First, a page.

Google’s decision earlier this week to ditch support for the dominant web video codec, H.264, in its Chrome browser unleashed a fair bit of…
Google (NSDQ: GOOG) has essentially declared war against the web’s dominant video format, announcing in a blog post today that Chrome will p…
DivX Inc. (s DIVX) is releasing a new version of its media player today that tries to bring web video downloads to legacy devices without Internet connectivity. The new DivX player, which is part of a free software suite called DivX Plus, can convert downloaded videos and transfer them to USB drives or burn CDs or DVDs to play on DVD or Blu-ray players, DivX-compatible TV sets or Sony’s PlayStation 3.
The company also revamped all of its other products as part of the DivX Plus launch. Most notable are some additions to the DivX codec pack that make it possible to play 1080p H.264 videos on some netbook models through DXVA hardware acceleration, as well as a free MKV converter that should make the HD container format even more popular.
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On2 shareholders finally agreed yesterday to allow the encoding company to be purchased by Google (s GOOG), after the search giant raised its bid by $26.5 million earlier this year. But with the acquisition now set to close this week, questions are arising as to just what Google’s plans for the encoding company are.
Under terms of the deal, Google will provide 0.0010 of a share of Google Class A Common Stock for each share of On2 common stock, as well as 15 cents a share in cash, bringing the total value of the deal to about $133 million. It will close after some six months of haggling since Google made an initial offer of $106.5 million in August 2009.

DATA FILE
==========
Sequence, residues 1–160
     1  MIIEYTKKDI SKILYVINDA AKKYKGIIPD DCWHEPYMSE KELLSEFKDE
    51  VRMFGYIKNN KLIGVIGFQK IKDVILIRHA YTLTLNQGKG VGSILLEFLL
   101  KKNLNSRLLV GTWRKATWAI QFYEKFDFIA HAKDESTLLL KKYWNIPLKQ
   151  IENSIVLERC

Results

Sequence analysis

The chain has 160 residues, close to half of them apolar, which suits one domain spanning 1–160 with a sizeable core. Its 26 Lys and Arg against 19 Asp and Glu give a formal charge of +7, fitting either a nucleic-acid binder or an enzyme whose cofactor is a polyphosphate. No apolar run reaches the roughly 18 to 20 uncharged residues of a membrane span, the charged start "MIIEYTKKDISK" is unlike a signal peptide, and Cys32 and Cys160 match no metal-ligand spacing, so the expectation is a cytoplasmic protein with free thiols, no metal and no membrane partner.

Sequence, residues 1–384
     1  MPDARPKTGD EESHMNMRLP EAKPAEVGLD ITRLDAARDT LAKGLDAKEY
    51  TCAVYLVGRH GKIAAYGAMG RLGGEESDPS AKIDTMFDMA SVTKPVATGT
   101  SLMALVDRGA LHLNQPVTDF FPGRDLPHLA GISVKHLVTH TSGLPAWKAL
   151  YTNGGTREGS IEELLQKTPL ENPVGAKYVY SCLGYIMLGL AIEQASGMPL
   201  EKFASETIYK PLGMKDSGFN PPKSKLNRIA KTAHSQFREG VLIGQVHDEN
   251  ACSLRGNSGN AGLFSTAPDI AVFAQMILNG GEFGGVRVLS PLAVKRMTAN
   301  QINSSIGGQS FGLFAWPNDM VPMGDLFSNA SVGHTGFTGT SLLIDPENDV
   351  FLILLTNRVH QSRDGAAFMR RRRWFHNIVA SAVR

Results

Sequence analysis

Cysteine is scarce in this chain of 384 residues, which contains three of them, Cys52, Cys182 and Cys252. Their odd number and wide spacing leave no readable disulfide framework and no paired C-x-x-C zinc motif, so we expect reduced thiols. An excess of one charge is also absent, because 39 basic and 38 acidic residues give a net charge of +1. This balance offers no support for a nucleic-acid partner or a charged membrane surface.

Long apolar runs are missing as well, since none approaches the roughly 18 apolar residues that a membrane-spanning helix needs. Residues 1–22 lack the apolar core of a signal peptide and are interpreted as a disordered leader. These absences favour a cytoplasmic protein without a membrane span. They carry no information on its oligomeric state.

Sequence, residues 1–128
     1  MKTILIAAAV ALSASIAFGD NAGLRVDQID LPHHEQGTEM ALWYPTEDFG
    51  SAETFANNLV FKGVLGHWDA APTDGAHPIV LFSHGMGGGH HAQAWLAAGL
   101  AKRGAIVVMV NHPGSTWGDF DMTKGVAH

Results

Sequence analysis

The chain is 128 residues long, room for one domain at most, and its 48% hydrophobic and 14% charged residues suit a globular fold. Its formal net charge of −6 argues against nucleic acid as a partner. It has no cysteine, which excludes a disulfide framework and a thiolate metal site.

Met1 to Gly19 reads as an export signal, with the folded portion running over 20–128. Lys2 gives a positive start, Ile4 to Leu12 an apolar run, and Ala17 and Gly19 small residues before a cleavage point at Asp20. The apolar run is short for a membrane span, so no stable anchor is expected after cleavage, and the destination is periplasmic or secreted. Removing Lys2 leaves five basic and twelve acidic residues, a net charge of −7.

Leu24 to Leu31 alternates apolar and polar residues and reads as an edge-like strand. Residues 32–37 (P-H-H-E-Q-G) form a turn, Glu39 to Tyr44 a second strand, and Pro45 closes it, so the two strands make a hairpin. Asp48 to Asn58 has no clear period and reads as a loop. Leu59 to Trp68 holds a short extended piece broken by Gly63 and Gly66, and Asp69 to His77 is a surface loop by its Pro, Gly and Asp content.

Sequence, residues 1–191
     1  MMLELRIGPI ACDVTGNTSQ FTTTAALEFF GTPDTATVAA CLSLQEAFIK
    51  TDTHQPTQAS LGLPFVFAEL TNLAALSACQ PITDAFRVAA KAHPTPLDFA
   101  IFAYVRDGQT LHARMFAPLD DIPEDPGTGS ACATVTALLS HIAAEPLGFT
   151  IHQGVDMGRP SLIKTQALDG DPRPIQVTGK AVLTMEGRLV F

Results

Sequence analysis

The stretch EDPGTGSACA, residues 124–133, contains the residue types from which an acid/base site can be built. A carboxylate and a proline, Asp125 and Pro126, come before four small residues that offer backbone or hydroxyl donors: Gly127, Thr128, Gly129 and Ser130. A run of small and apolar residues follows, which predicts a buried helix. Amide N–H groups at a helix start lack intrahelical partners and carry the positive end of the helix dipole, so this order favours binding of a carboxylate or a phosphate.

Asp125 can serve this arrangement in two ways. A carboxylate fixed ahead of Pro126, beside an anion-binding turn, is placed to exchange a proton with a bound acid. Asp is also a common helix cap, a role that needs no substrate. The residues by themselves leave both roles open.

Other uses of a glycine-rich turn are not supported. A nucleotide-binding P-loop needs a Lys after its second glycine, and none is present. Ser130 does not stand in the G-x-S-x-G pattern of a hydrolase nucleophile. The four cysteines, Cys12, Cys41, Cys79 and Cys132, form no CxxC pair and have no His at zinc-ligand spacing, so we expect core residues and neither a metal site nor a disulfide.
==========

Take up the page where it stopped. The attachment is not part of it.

When the deal closes, Google will own all of On2’s video compression technology, which includes the VP6 and VP8 video codecs. At the time it was first announced, many believed that the deal could allow Google to circumvent On2 licensing fees or collect them from third parties like Adobe (s ADBE) or Move Networks. The suggestion was also made that Google could use its control of the new VP8 to push it as the dominant codec for YouTube.
CBSSports.com Launches Countdown to Kick-off; the show will feature news, interviews and analysis with new episodes running daily from today through Saturday. (release)
Hulu Held Up By Music Rights as Well; some episodes of shows go missing because the music used hasn’t been cleared for internet streaming. (Techdirt)
A Web Video Fairy Tale; “Once upon a time there was a sad little digital video file. She had no dress to attend the Web Browser Ball!…” (jd/adobe)
NBC Reveals ’08 Mobile Highlights; peacock says it served 1.8 million mobile streams between Sept. and Dec., 1.3 million of which were full episodes; Heroes was the most popular. (emailed release)
Apple Gets a Second CDN; in Q4 ’08 started using Limelight in addition to Akamai. (The Business of Online Video)
Mag Rack Entertainment Buys Concert.tv; purchase price of the VOD network that does music and documentaries not disclosed. (paidContent)
Generate to Create TV for 20th Century Fox TV; multiyear deal has the production/management company developing scripted show for broadcast and cable. (Variety)
Macs having the reputation they do for creative endeavors, there are as many (or more) video and audio encoding tools for OS X as their are file formats in which to encode your media. Some of the tools available are free and open-source, but many of it are shareware, donationware, or fully commercial products. How is a Mac user, especially one switching from another platform, to know which of them, if any, to use for encoding video from one format to another? Keep reading for a comparison of the key players.
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